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How are Financial Institutions impacted by European Commission Green Labelling Nuclear gases and power plants?

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What is the EU Green deal, and how does it shape the EU Taxonomy?

The European Union is transitioning towards a new strategy, prioritising climate neutrality, zero pollution, and affordable and secure energy. In 2019, the EU set foot to launch the European Green Deal, outlining the actions that need to take to transform Europe into “the first climate-neutral continent in the world”. The commitment from the EU commission with the Green Deal is to be climate neutral by 2050 and to reduce greenhouse gas emissions by at least 55% in 2030 compared with 1990[1]. The Commission has estimated an additional investment worth €260 billion, which is 1.5% of the GDP when compared to the nominal GDP of 2018[2]. The Commission will provide funds through its current budget and the Recovery and Resilience Facility (an initiative to mitigate the economic and social impact of COVID) to be funded by NextGenerationEU. With the help of NextGenerationEU, EC will raise over €800 billion (5% of the GDP) through funding operations on the international capital markets during 2021 – 2026[3].

The EU Commission developed an EU Taxonomy, a classification system that establishes a list of environmentally sustainable economic activities under the EU Green Deal. The EU Taxonomy plays a vital role in helping the EC scale sustainable investments and implements the Green Deal across Europe. The EU Taxonomy provides companies, investors, and policymakers with the benchmarks and definitions for which economic activities can be considered sustainable, helping companies to become more climate-friendly and mitigate market fragmentation[4]. Soon, companies need to invest a part of their portfolios towards “green” activities to be labelled green from the EC. An economic activity that is “Taxonomy aligned” will be considered sustainable. For that, the movement needs to contribute to one of the pillars of the taxonomy and do no significant harm to the other pillars[5].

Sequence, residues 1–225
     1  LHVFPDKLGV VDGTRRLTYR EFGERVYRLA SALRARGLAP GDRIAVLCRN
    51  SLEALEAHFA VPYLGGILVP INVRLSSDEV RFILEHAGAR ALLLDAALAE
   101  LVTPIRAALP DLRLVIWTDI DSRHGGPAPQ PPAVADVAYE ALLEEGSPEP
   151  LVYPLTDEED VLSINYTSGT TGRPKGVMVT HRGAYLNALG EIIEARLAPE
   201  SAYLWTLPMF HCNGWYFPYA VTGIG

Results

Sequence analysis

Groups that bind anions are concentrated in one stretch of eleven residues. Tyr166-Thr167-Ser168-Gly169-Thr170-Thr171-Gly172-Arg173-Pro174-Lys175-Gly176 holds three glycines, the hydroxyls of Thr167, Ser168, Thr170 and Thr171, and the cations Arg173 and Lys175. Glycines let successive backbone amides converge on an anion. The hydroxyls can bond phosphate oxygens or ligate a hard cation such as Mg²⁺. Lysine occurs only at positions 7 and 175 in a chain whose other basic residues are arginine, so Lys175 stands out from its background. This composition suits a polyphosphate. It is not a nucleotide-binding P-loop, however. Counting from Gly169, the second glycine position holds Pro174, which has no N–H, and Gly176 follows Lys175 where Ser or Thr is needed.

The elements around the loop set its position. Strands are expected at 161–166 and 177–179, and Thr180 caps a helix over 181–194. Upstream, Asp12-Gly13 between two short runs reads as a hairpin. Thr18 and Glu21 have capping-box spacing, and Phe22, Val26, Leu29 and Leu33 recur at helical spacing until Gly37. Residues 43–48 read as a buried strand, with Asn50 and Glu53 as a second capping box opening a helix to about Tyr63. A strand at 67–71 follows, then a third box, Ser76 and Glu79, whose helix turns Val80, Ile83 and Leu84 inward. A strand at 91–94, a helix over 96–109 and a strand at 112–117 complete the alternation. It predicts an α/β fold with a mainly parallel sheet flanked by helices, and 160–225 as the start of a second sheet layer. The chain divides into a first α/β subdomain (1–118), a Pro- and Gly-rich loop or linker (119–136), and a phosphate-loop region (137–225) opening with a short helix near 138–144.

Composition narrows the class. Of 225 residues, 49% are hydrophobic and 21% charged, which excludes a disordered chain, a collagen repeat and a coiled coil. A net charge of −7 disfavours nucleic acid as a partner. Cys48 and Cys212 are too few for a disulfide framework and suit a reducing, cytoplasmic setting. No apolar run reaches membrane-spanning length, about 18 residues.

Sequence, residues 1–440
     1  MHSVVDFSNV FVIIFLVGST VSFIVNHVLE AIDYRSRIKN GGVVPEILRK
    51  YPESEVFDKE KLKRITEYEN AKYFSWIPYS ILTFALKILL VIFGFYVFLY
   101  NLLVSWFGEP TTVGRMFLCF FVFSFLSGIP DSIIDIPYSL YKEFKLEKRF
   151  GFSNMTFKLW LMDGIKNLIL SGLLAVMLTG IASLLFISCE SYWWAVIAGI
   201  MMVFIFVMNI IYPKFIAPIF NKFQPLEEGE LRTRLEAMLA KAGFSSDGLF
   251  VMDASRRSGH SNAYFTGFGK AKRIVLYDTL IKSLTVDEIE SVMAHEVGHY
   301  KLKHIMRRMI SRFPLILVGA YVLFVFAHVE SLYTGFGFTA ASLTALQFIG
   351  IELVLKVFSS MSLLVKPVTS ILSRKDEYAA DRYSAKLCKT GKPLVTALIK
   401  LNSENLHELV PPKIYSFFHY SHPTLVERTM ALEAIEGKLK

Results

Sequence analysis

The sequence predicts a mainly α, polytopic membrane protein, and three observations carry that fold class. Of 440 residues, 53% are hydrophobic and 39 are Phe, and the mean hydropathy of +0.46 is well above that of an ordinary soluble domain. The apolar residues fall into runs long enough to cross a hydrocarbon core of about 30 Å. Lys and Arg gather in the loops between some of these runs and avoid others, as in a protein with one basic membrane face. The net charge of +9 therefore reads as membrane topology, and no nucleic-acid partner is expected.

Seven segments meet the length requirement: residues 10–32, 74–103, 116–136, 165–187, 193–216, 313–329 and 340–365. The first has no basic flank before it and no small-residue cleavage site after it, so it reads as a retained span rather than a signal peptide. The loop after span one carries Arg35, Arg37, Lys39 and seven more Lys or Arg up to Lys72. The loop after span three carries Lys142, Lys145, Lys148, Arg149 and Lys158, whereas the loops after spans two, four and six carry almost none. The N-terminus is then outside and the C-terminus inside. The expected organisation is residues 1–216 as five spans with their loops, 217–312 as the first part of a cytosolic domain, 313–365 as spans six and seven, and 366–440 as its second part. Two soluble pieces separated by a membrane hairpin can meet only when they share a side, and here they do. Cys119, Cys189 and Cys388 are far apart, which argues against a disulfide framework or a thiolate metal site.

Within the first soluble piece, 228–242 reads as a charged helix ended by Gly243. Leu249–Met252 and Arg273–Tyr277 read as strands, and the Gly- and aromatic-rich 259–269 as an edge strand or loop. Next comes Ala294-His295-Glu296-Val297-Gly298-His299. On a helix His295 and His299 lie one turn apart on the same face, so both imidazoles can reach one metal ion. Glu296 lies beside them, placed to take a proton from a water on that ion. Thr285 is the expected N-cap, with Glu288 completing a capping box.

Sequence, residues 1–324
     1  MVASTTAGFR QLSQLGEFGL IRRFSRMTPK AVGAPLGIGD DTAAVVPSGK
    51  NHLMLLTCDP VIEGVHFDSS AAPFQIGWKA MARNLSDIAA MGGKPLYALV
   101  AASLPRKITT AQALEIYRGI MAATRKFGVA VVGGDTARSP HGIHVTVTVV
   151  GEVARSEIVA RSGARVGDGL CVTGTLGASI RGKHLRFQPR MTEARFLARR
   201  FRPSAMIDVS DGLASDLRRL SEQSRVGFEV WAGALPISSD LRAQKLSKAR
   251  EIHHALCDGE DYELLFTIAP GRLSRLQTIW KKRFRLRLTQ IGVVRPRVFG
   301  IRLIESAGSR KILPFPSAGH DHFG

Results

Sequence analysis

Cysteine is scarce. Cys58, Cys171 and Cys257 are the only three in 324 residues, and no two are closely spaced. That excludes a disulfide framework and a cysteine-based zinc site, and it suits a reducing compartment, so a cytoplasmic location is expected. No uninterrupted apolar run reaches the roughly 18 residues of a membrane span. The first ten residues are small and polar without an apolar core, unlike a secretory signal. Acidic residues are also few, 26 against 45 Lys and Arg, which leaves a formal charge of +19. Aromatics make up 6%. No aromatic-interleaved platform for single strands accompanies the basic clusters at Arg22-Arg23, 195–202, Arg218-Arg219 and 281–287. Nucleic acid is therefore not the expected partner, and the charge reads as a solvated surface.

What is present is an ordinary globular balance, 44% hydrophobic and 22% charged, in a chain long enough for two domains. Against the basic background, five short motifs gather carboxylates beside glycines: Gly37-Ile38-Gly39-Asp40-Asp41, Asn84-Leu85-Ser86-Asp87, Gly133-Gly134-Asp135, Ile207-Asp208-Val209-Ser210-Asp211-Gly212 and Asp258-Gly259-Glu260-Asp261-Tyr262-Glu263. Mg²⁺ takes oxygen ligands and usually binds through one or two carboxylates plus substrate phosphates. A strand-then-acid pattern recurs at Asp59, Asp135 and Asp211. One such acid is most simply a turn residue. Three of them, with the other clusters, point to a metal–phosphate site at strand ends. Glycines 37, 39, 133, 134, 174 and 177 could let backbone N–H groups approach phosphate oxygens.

What do the EU Green Deal and Taxonomy imply for financial institutions and Banks? 

In Europe, financial institutions, bank lending, and debt markets play an essential role in financing economies. Financial institutions and banks will be the key to sustainable finance, leading to the EU Green Deal. The banks lead the capital market financing and constantly work on different solutions to bear the transition risks associated with the Green Deal and the Taxonomy. Financial institutions have shown a rising interest in climate-linked and green bonds; with the rise of the Green Deal, the issuance of green bonds has significantly risen at a corporate and sovereign level[6]. Additionally, Asset owners/managers and insurance companies will play a crucial role with banks as they will need to align their portfolios to meet sustainability objectives. However, the EC is constantly changing the EU Taxonomy concerning the Green Deal, and financial institutions will need to align with the regulations to be successful.

What is the rationale behind the EC to label nuclear investments as green investments?

Recently, the European Commission has published that nuclear power plants and gases will be considered a sustainable investment if they meet a specific criterion in the EU Taxonomy as a part of the Green Deal. Compared to their previous draft, the requirements are expected to include minor changes that make it easier for some gases and plants to earn a green investment label. Currently, the draft grants plant the green label until 2030 if they meet the criteria with emission limits and a requirement to burn down fewer carbon gases by 2026 and be 100% low–carbon gas in 2035[7]. The rationale behind the decision Is underlined by the Technical Expert Group, advising the EC; they mentioned that nuclear energy represents low–carbon energy sources, which is in line with the IPCC, OECD, and the UN Economic Commission. 

How are banks impacted by labelling nuclear investments as green investments?

Now the question that arises is, what does the EU Green deal and the green labelling of nuclear energy imply towards financial institutions and banks? According to the EU Taxonomy, Banks will need to increase their disclosure to offer clients to identify green investments and ensure credibility; keeping this in mind with EC labelling nuclear investments as green, many banks will invest in nuclear powerplants. Research by Wealer in 2019 has shown that investments in nuclear energy have a negative expected NPV with high capital costs[8]. However, in countries like France, where 70% of the power supply is from nuclear energy, banks like BNP Paribas and Crédit Agricole have invested over €9000 million in nuclear initiatives EU Green Deal. Financial institutions and banks must evaluate the key transitioning, physical, and credit exposure risks. They will have to address both regulatory and political pressures as Europe moves forward to meet its sustainability goals as a part of the Green Deal.